Liberty Christian School in Argyle took the green flag last week and placed fifth in the Solar Car Challenge at Texas Motor Speedway.
Liberty’s car raced against 30 other cars from schools across North America.
The goal was not to cross the finish line first but to complete as many miles as possible in a certain amount of time.
Liberty’s car completed 337.5 miles in four days of competition, July 18–21.
“What an amazing week!” said Liberty’s Science Department Chair Heather Lytle. “We finished with 225 laps total! We are so proud of our team members and their coaches.”
Teacher Dr. Brent Dragoo said this year’s car was Liberty’s finest.
The solar car was constructed and completed by students Josh Porter, Cameron Balkey (co-captain), Corey Dodd, Jared Sutter, Preston Collins (co-captain), Conner Hutcherson, Charlie Asprey, Chris Svatik, and Logan McDivitt.
Balkey said that with the right gear ratio, Liberty’s car could potentially go up to 50 mph.
Porter added that this group of students learned a lot in creating the car.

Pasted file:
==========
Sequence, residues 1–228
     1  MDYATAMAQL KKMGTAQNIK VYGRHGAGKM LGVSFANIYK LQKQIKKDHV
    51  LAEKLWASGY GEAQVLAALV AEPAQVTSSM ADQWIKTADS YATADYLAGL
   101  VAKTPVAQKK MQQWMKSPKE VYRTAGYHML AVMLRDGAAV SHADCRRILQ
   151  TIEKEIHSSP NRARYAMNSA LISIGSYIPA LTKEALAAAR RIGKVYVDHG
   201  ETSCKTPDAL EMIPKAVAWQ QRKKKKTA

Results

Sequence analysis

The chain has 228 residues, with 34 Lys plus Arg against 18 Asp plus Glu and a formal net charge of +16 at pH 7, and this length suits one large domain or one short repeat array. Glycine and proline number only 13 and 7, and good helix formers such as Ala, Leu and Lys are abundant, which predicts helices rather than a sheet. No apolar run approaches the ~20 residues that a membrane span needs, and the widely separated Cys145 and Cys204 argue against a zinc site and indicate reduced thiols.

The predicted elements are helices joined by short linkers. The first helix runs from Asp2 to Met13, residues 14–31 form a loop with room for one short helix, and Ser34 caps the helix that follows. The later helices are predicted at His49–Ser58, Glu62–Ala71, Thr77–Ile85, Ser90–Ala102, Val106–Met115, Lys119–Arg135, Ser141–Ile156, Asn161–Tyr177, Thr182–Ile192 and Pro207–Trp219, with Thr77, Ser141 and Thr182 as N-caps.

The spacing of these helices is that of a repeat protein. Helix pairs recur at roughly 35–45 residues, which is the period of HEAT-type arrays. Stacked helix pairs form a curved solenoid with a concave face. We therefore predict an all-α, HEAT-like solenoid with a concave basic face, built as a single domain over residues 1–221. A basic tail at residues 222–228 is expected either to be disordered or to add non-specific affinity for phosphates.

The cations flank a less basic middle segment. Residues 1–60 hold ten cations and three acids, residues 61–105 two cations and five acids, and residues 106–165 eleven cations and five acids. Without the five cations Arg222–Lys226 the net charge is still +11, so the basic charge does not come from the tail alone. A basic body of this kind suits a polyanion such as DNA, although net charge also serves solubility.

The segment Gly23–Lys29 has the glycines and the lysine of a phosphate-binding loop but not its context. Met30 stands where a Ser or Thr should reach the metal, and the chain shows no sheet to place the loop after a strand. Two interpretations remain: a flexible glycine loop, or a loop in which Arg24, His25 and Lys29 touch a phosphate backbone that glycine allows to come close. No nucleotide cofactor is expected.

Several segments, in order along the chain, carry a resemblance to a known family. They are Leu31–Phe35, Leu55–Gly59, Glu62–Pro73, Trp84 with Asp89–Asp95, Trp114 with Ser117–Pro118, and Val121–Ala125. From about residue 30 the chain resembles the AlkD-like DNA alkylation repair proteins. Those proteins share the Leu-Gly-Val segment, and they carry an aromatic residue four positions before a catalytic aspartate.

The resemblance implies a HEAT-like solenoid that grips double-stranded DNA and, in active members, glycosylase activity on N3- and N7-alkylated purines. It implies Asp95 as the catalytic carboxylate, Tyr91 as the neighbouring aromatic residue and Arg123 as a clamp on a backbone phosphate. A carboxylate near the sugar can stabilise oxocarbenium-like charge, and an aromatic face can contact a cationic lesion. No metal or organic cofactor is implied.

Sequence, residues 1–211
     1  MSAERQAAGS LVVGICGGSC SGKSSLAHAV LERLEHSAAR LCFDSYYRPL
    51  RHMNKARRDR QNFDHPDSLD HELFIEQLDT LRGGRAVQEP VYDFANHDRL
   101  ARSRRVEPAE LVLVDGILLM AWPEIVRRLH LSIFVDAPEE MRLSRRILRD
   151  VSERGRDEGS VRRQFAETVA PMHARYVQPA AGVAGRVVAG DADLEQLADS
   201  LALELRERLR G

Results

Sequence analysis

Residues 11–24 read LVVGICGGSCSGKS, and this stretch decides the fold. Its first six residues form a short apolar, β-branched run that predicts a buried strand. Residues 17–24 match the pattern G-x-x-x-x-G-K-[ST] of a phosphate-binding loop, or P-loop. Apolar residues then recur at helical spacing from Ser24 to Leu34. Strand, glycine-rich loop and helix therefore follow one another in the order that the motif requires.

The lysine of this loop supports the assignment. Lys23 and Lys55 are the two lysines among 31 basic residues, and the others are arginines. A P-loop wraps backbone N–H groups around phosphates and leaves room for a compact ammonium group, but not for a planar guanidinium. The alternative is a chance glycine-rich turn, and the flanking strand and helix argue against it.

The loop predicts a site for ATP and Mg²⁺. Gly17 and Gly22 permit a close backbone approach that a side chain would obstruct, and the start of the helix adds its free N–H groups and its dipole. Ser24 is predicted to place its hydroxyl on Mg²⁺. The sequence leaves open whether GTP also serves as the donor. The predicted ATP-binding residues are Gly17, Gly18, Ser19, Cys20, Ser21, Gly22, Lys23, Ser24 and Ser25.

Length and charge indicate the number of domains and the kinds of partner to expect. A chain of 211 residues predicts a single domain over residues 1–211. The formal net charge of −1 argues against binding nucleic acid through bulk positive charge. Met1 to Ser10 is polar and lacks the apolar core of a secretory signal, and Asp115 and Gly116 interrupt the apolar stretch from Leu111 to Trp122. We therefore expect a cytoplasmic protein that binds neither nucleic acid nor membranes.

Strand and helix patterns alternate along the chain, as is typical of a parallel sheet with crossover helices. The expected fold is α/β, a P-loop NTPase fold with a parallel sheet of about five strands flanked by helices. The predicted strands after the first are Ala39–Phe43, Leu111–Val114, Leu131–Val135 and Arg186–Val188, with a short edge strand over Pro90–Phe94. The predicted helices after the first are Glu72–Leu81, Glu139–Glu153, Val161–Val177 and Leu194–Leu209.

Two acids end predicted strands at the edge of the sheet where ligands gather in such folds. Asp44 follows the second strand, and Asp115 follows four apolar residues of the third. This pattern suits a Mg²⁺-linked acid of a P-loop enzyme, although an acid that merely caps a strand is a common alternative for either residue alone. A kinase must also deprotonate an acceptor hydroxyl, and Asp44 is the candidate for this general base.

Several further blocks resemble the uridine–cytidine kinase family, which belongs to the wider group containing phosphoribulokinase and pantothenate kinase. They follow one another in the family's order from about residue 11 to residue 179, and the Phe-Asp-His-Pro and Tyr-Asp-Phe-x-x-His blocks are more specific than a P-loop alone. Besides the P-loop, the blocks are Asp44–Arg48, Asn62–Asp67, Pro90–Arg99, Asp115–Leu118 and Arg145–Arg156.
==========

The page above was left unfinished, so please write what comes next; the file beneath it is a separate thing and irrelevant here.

Seniors in Liberty’s Applied Engineering class built the car, and another 10 to 12 students in ninth to 11th grades also came to the regular meetings that introduced students to the project and got them involved.
Teacher Ken Marko said this project motivated students in the sciences, engineering, and technology, and introduced students to engineering principles such as aerodynamics, electric power, and energy conversion. It also taught students how to identify and understand design requirements, how to research and investigate design alternatives, and how to use critical thinking processes to make decisions on what components to use in the building the car.
This year CoServ Electric partnered with Liberty as one of the sponsors of this project. In addition to giving funds to support the project, CoServ designed and funded a wrap for the solar car trailer.
Jesel Incorporated also partnered with the team to help support the purchase of additional equipment needed to build the car.
With the solar car project, students learned how to analyze different parts of the car to optimize its performance, and gained valuable hands-on experience building the car and testing it to ensure it met the requirements. In addition to learning valuable teamwork skills, students were introduced to SolidWorks, a computer-aided design (CAD) tool used for designing the solar car.
Next year’s race is currently scheduled to run from Dallas/Fort Worth to Los Angeles, Calif.